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  11. Hi Linda, it is a great bush the Amelanchier with lovely flowers and autumn colour and hardy too. I've totally forgotten just how good it is, thank you for reminding me. Tyra

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  12. I am a big fan of Amelanchier too! It's on the short list of shrubs for a challenging spot in my back yard, but I'm afraid the location is too small and the poor thing would suffer.

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  13. Hi Stephanie, I agree! I'm not sure I would have thought of them, so I'm really glad this one was already here.

    Hi Joanne, Yay for serviceberries!

    My pleasure Tyra!

    Rose, they can get pretty wide and tall, but I've also seen some that are kept smaller with pruning. I hasten to add that I'm a proponent of shrubs that fit their site without the need for constant pruning. We have a lot of high-maintenance hedge and foundation shrubs, so I especially like that the serviceberry has room to grow naturally and needs little care.

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  14. One of my favorite little trees! It's a luscious golden right now! I've yet to taste a berry, but I have hopes that one of these years I will! I like your shrub philosophy! gail

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  15. Linda, I have heard lots of great things about this bush, Your photos are wonderful in showing just how beautiful they are in all seasons. Another plant for my wish list. And maybe that wish list shold include more area to plant things. :)

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  16. One of my favorites too Gail! The rain we've had the last few days has knocked most of the leaves off, but it's still pretty at the top. I hope you get to try some berries sometime. If you're ever here in mid-to-late June, you can sample them in our garden. :)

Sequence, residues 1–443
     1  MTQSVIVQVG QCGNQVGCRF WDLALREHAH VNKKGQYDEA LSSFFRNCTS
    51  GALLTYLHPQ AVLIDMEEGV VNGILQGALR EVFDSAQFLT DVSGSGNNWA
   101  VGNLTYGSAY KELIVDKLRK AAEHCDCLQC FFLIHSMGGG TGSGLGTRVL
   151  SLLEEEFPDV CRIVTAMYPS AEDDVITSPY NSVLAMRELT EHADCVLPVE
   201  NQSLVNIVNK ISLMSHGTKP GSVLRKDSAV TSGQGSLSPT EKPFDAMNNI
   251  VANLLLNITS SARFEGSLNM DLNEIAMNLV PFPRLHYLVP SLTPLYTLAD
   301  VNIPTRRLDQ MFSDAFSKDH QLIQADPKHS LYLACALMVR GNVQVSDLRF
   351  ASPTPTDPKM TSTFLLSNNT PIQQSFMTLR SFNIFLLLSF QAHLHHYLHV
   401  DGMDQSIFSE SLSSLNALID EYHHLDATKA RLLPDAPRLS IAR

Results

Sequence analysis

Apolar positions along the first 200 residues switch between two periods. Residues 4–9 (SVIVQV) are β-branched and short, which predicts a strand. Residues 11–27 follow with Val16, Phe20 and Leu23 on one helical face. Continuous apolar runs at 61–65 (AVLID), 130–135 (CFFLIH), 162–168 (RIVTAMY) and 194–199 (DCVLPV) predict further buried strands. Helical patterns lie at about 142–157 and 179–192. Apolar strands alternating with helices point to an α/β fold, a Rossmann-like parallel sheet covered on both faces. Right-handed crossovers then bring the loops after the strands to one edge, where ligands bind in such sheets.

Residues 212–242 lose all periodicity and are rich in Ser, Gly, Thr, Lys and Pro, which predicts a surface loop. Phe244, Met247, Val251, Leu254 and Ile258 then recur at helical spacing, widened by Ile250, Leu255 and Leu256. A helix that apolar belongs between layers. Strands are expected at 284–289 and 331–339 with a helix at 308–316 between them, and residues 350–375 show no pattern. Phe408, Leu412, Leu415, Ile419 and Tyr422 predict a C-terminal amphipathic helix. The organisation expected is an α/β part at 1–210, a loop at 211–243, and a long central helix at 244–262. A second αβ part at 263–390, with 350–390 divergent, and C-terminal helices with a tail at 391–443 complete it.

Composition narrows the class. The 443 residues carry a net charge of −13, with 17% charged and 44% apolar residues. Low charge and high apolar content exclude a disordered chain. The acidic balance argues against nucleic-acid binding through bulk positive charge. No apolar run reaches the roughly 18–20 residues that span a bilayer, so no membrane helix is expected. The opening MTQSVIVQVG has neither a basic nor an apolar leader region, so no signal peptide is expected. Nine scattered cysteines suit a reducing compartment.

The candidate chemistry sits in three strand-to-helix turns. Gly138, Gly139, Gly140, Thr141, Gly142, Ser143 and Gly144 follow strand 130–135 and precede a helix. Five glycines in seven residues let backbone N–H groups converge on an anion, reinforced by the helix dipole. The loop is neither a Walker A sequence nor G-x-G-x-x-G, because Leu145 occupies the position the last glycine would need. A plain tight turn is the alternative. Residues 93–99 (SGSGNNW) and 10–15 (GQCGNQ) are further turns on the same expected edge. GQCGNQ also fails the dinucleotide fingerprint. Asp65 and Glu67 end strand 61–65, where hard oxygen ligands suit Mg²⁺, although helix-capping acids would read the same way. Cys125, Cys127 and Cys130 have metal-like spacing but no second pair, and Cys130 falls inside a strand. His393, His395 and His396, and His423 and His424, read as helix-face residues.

When I was a kid I used to love trimming the hedges. I can't believe I thought it was fun! I do enjoy a nice, neat hedge, but it seems like a lot more work than fun anymore.

    Beckie, I know what you mean - it's a gardener's dilema running out of space before running out of plants on the wish list.

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  17. I just came over from Monica's fallgasmic post to find yours. You two are making me wish I had more space to add some fall foliage in my garden.

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  18. This is indeed a beautiful shrub-- in all seasons. I've never seen or read about Amelanchiers before. Loved seeing the pics! The berries are so pretty too!

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  19. MBT, fallgasmic is a good way to describe Monica's post. She has some really awesome fall foliage! The big downside to all the fall foliage here is . . . it falls! Pretty on the trees and shrubs, here it's a lot of work keeping up with all the leaves. We mulch them, but when the Lawn Man used to bag them, there were easily 20 or more bags of leaves a week for a few weeks.

    Kanak, I love how pretty the berries are! They ripen over a few weeks, and the clusters are multi-colored just like the photo. When fully-ripe they're dark purple like blueberries, and each cluster will have some green ones, some light red, dark red, and purple berries. Once they turn purple the birds gobble them up. Besides being full of berries for weeks, our Amelanchier is full of birds for weeks too!

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  20. Oh Linda, what a beauty! I love that final photo, what a great selling point! We see these in the wild areas around here and have wondered what that pretty white flower, then the berried tree was for years. How lucky to have such a mature specimen already growing in your garden too. :-)
    Frances

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  21. Oh yes I totally agree, Linda ... happy in all seasons, a must for every garden (love those Juneberries)!

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  22. Hi Frances, they sure are lovely shrubs. I like that they're native, and non-invasive. I've yet to see a seedling in our garden, though I wouldn't mind if one chanced to sprout here. Glad I helped you ID them in your area.

    They seem to be a much-loved shrub Joey, and I'm so happy we have one. I'll bet you could whip up a mighty fine dessert with the berries!

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  23. We have an Amalanchier on the north side of the pool house with a wildflower garden below it. It's because of the Amalanchier that the area looks so lovely. It's such a graceful tree. The cats use it to get to the roof the building. :-)

    Love the color in the fall. The cedar waxwings particularly enjoy its berries, I've found.